I really enjoyed the experience of presenting to an expert audience. Beyond that, it’s an interesting way to get to know people in the Club and encourages interaction. I certainly hope to do more in the future – must go and shoot a few more photographs first!
Manufactured Landscapes is a film by Jennifer Baichwal following photographer Edward Burtynsky as he documents the effects of China’s industrial revolution on the planet. Sites such as the Three Gorges Dam, which is bigger by 50% than any other dam in the world and displaced over a million people, factory floors over a kilometre long, and the breathtaking scale of Shanghai’s urban renewal are the subjects and the work creates a cognitive dissonance between the appreciation of the pictures themselves and disgust at the scale of the disruption to the planet.
Burtynsky has been described as political and an activist but he is neither of these things. He is not a polemical artist in the truest sense of the word, rather he puts these things out into the world so that the viewer might make up his or her own mind. As he put it himself during the Q & A session that followed the screening, the viewer is being invited to consider the possibility that the luxuries we take for granted, produced by the oil age have another side to them, that we are wrecking the planet in merely maintaining a standard of living that we have come to expect. This is a tough message and Burtynsky draws a parallel to the research that suggested a causal link between cigarettes and cancer in the 1960′s – people chose to ignore it because it was easier and more comfortable to pretend it was untrue.
One point Burtynsky made during the Q&A session resonated particularly with me. Many of my peers in the IT industry subscribe to the prevailing neo-liberal, libertarian school of thought on the basis that there is no problem because as was demonstrated by the Information Age, our capacity to dream up newer, faster and better solutions will keep us one jump ahead of the game. This is a dangerous fallacy. As Burtynsky pointed out, the Information Age and the oncoming Biotechnology age depend on the continuation of the preceding Industrial age to provide components. The wreckage continues, illustrated in photographs of computer components piled higher than houses being picked over by peasants for any recyclable metals. all the while, degrading slowly and leaking their poisons into the earth to the extent that on this particular site the water table is contaminated.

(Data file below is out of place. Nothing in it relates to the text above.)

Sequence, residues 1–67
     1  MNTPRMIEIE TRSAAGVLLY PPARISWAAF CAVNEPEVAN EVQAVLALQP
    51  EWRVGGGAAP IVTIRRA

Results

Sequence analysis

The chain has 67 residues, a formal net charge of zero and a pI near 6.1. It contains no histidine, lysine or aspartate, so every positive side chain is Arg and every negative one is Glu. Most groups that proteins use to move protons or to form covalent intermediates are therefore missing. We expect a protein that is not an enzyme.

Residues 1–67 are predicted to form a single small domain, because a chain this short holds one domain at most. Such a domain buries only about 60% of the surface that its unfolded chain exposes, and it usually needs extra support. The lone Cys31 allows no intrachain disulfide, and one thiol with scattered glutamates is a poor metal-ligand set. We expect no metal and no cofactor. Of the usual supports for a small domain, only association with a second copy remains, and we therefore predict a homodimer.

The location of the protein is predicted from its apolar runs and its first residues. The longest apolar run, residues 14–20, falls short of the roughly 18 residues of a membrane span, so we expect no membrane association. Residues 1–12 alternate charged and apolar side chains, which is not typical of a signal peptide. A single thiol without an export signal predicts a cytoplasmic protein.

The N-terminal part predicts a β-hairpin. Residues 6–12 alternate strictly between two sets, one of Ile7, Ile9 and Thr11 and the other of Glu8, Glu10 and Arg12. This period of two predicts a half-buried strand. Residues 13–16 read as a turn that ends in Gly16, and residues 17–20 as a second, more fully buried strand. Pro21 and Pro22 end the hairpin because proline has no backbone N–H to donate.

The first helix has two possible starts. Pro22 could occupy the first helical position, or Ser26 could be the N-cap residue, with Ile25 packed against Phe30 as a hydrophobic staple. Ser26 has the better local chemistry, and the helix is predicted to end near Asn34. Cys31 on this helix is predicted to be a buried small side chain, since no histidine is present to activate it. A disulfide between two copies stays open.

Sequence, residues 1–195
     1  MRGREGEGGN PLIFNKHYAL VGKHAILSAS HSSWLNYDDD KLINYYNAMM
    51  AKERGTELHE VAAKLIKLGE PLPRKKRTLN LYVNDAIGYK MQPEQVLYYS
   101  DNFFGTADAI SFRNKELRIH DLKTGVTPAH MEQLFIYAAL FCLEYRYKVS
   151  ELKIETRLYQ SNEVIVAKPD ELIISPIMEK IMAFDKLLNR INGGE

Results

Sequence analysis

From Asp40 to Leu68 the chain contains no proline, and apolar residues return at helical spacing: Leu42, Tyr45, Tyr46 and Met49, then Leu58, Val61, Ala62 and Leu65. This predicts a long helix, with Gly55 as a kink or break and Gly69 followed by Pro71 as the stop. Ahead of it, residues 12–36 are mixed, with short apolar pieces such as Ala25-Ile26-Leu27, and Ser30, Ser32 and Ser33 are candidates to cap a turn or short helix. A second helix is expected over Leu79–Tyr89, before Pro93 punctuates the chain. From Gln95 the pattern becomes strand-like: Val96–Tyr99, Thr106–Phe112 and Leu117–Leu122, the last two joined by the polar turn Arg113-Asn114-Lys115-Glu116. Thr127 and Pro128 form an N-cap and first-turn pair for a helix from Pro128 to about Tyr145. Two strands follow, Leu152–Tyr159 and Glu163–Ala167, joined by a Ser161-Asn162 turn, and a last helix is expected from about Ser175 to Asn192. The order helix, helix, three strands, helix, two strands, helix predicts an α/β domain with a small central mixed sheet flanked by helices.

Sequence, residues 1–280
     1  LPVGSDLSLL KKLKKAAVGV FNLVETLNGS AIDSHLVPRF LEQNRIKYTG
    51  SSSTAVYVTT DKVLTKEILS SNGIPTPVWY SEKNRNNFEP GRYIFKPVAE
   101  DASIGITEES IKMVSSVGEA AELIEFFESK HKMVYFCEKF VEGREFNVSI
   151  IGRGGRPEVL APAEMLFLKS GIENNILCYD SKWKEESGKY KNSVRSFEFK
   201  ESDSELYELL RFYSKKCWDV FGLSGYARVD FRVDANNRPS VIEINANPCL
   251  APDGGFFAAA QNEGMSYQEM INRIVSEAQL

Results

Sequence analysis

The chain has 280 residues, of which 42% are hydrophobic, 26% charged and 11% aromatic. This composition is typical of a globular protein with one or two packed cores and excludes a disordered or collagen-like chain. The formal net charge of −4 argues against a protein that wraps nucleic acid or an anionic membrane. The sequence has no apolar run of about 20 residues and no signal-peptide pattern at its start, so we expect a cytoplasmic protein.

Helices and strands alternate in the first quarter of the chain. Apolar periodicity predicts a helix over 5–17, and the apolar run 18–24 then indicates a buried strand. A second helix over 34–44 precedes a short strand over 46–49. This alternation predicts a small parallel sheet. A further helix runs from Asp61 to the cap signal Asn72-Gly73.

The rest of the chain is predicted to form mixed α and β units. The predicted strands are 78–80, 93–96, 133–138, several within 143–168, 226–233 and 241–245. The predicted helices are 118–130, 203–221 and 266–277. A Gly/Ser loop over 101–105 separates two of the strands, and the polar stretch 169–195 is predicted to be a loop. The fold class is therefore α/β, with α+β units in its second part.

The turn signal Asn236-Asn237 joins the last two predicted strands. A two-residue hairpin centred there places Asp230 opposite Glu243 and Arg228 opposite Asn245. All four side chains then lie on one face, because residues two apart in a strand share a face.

The photographs are often breathtakingly gorgeous, even though they describe the toxic effects that mankind has visited upon the planet. I will be visiting his exhibition OIL at the Photographer’s Gallery which is running until July 1st and if you are even slightly interested I suggest you do too!
Thanks to the London Festival of Photography for organising this screening, and thanks too to Edward Burtynsky for taking the time to participate in the Q&A session. It was an excellent and stimulating evening and time very well spent.
Update: 22 June
I visited the OIL exhibition at the Photographer’s Gallery yesterday and I really can’t recommend it enough (exhibition and venue both!). Seen as full size prints, these photographs are absolutely outstanding. I may very well go back…
I’m really delighted to have had two photographs selected for the “Perspectives of Brighton” exhibition at FaB. As things turn out, the pictures were taken about 15 minutes apart on the same day. Strange.
The exhibition runs from 5th to the 27th of May 2012 as part of the Brighton Fringe Festival.
FaB is a very popular hangout for photographers and various creative types working in the buzzing North Laines area of Brighton. It’s close to the station and rivals Cafe Coho as my favourite Brighton cafe!
We are having a preview night on the 4th May where all the contributing photographers will be available to discuss their work and consume copious amounts of coffee and cake!
Check us out in May – FaB is at 64-65 North Road, Brighton BN1 1YD